As the culture war engulfs their schools, kids say adults aren't listening to them at all

From masks to critical race theory, Salon talks to kids and teens about the firestorm engulfing their education

By Gail Cornwall
Published September 19, 2021 7:30PM (EDT)
Little Sad Boy Kid Student In Protective Face Mask Looking Out Of School Yellow Bus Window (Photo illustration by Salon/Getty Images/Anna Kraynova/EyeEm)
Little Sad Boy Kid Student In Protective Face Mask Looking Out Of School Yellow Bus Window (Photo illustration by Salon/Getty Images/Anna Kraynova/EyeEm)

Face masks. Critical race theory. Bathrooms. Remote learning. Schools and schooling have become a flashpoint for America's culture war — for adults. But in actually talking to adolescents across the country, I discovered that grown-up fears and fury are disconnected from students' most pressing concerns.

Ariana Lemus, a 16-year-old from San Mateo, California, said she feels like a pawn: "Most of the problems that adults are talking about," she said, "it's a lot less important to us right now. They're saying, 'This is for the kids,' but they're not really listening to us kids."

She and her sister Karina, an eighth-grader, learned remotely all year last year. Because school days were shorter and it was easier to get distracted, Karina said, "We didn't get to learn as much as we could have." Ariana agreed: "I struggled a lot with turning things in on time. It didn't really feel like school." But this potential learning lost doesn't stress the sisters out.

 "I have faith I'll catch up eventually," Ariana said, echoing Bradshaw Cuff Jr., a 14-year-old from Bowie, Maryland. As Bradshaw told me, "I don't think I really learned anything new, because the stuff we were learning is stuff that I had already learned in the past grade. And I lost a good amount." He feels for other kids that "are just falling behind and aren't where they're supposed to be," and sees that as a real, significant problem, but said, "It's not necessarily something I worry about, because I'm good at catching up very fast."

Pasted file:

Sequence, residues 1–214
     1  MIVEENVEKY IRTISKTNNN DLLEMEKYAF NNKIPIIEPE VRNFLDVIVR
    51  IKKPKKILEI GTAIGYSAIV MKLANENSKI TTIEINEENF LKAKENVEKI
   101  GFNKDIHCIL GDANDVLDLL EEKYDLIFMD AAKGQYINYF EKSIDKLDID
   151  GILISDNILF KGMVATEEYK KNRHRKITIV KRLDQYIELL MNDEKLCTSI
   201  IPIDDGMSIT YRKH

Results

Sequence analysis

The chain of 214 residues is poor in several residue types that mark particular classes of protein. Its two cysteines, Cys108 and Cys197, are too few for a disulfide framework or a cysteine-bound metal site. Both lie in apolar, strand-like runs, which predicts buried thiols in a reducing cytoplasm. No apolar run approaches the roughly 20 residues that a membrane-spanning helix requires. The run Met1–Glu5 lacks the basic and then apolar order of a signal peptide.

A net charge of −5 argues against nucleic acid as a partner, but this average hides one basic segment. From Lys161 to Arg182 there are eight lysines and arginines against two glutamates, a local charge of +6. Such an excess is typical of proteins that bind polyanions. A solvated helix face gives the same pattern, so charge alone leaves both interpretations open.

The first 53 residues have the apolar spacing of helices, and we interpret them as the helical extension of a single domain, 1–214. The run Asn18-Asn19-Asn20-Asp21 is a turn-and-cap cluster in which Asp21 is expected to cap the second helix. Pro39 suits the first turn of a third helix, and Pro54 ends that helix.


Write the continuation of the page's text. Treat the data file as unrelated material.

Ariana and Karina LemusAriana and Karina Lemus (Photo provided by the family)Relationships matter most to students

Bradshaw is more concerned about how disconnected he started to feel.

"My whole personality changed from being up and wanting to do a lot of fun stuff to being like, 'I'm just trying to chill.' I was probably three times less happy."

He prefers the old version of himself, and wants to feel motivated again.

 "The students are a good reason that I want to go to school, that I enjoy going to school," he said. "So when I didn't really have social contact with all the students, I didn't really feel like paying attention." He kept in touch with close friends, but says he "kind of fell off" with everyone else. Making new friends over Zoom felt impossible.

Bradshaw Cuff Jr.Bradshaw Cuff Jr. (Photo provided by the family)Eighth grader Leah Schneyer-VanZile has felt a similar sense of isolation this past year and a half. Though she had the option of hybrid learning, she ended up staying home all last year. Now, the 13-year-old from Arlington, Massachusetts said, "I can't wait to just be in school and have real classes and have a binder."

The hardest part of remote learning was not being able to develop relationships, she said.